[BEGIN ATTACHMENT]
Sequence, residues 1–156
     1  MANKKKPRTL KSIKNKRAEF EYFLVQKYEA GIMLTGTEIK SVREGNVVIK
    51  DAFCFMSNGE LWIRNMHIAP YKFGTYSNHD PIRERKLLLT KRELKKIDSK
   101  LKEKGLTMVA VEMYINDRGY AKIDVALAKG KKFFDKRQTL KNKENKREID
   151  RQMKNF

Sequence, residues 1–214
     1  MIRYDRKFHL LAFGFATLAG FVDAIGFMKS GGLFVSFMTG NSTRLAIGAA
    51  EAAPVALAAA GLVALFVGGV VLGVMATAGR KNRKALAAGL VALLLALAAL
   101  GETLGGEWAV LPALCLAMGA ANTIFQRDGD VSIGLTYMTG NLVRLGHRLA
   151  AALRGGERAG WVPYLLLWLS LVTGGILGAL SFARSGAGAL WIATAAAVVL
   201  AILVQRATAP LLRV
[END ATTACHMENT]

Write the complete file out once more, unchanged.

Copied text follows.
Sequence, residues 1–156
     1  MANKKKPRTL KSIKNKRAEF EYFLVQKYEA GIMLTGTEIK SVREGNVVIK
    51  DAFCFMSNGE LWIRNMHIAP YKFGTYSNHD PIRERKLLLT KRELKKIDSK
   101  LKEKGLTMVA VEMYINDRGY AKIDVALAKG KKFFDKRQTL KNKENKREID
   151  RQMKNF

Sequence, residues 1–214
     1  MIRYDRKFHL LAFGFATLAG FVDAIGFMKS GGLFVSFMTG NSTRLAIGAA
    51  EAAPVALAAA GLVALFVGGV VLGVMATAGR KNRKALAAGL VALLLALAAL
   101  GETLGGEWAV LPALCLAMGA ANTIFQRDGD VSIGLTYMTG NLVRLGHRLA
   151  AALRGGERAG WVPYLLLWLS LVTGGILGAL SFARSGAGAL WIATAAAVVL
   201  AILVQRATAP LLRV